The following opinion piece by Scott Wilk was featured in today’s Santa Clarita Valley Signal:
In 1994, I had the honor of serving as chief of staff in the state Assembly.
After exhaustively interviewing applicants for a vacant staff position, I received a call from a friend asking me to interview some kid named Anthony.
When the lanky young man stepped into my office, his smile brightened the room. His enthusiasm was immediately contagious.
Although barely 23 years old, he shared his unfolding life story, and I was impressed with his passion and determination.
Anthony had been a high school all-star basketball player, and normally would have been the star, but he had a teammate named Don MacLean. MacLean, as you may recall, went on to play at UCLA and enjoyed a long NBA career.
Because of MacLean, every major coach of the country watched Anthony play ball, including Bobby Knight and Duke’s Coach K. Former University of Arizona coach Lute Olson expressed an interest in Anthony and arranged for him to play at an Arizona junior college, so he could hone his skills before transferring to the Wildcats.
Despite stellar play and grades in junior college, Olson decided to go in another direction. Normally this would be a crushing blow to a young athlete, but not Anthony. Despite having offers to play professionally in Australia and scholarship offers from two other PAC-10 schools, Anthony decided to attend Whittier College.
Anthony had decided a number of years earlier that public service, not professional athletics, was his life’s calling. At Whittier, he could play hoops and begin participating in the political process.
He started the Richard Nixon Republican Club, and the former president (an alumnus of the school) was so appreciative he invited Anthony to his office to meet him. Anthony had time for studying, politics and hoops — he once scored 47 points against my son’s alma mater, University of Redlands, still a school record.
I was so impressed; I offered him the job. He was willing to take a 75-percent pay cut to serve the people of California instead of playing basketball. That is commitment.
In 1998, the GOP-leaning 37th Assembly District became open due to term limits. At 26, Anthony believed he was ready to serve.
Never lacking self-confidence, he was pitted against a corporate attorney from Harvard Law School, who had just narrowly lost a seat in Congress, and three other candidates. The 37th was a GOP-leaning district, so the primary was going to determine the election winner.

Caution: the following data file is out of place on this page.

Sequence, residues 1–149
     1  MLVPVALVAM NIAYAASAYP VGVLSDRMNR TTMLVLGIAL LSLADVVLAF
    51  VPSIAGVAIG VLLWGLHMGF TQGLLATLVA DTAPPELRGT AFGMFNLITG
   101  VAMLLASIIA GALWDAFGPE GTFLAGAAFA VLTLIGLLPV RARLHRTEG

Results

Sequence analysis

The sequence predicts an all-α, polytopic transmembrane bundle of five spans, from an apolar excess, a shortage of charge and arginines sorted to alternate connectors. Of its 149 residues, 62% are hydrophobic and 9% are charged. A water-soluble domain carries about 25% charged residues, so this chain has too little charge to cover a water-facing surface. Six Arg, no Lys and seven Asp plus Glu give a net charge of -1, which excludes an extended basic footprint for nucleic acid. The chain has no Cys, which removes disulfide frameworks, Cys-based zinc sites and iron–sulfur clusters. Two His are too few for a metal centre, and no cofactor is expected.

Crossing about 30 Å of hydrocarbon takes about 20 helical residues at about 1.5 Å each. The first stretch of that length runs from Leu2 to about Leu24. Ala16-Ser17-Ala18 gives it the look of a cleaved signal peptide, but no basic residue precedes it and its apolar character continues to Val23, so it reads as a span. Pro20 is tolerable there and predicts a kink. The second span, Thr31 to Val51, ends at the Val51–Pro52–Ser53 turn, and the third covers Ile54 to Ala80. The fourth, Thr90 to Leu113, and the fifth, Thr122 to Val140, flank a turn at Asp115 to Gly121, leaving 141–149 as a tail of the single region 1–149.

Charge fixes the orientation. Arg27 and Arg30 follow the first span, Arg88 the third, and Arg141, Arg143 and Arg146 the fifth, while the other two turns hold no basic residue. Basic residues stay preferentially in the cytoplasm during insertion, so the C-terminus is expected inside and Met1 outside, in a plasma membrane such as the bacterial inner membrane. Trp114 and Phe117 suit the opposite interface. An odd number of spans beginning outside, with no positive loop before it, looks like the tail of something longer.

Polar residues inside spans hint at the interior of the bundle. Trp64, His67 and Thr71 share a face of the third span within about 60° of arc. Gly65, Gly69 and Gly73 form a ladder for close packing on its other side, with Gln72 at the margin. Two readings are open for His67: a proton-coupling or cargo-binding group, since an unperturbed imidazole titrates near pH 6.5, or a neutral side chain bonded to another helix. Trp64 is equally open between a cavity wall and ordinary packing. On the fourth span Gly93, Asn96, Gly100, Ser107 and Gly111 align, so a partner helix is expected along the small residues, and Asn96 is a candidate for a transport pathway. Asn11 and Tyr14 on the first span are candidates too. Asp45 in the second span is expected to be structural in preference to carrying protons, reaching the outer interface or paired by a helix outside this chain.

Anthony was outspent 5-to-1, but he was not to be outworked. He personally knocked on more than 10,000 doors. He garnered 45 percent of the vote in the five-person GOP field and went on to victory in November.
In the midst of California’s energy crisis, Gov. Gray Davis and energy companies secretly negotiated long-term energy contracts that doubled ratepayers’ utility bills. Anthony met with his party’s caucus and stated he was going to sue the governor.
Not a single member was willing to join him, so he stood alone. The court agreed with Anthony, the contracts were opened up and the ashamed parties had to renegotiate, saving California taxpayers $6 billion.
In January, California will have a Democrat-controlled state Legislature, and most likely a Democrat governor. The only line of defense for California taxpayers will be the state controller.
Anthony is running for state controller, a position that is essentially California’s chief financial officer. He has the courage and fortitude to do the right thing. He will root out abuses so we don’t have another city of Bell situation. He will conduct a performance audit so taxpayers and parents can learn how the Los Angeles Unified School District spends its $10 billion annual budget.
As you probably have guessed, “Anthony” is Tony Strickland. He has the heart of a warrior and the integrity not to cave to the special interests. Whether you are a Democrat, Republican or independent, Strickland will be our countervailing force to obstruct the “tax-and-spend” culture of Sacramento. Strickland is a slam-dunk choice for state controller.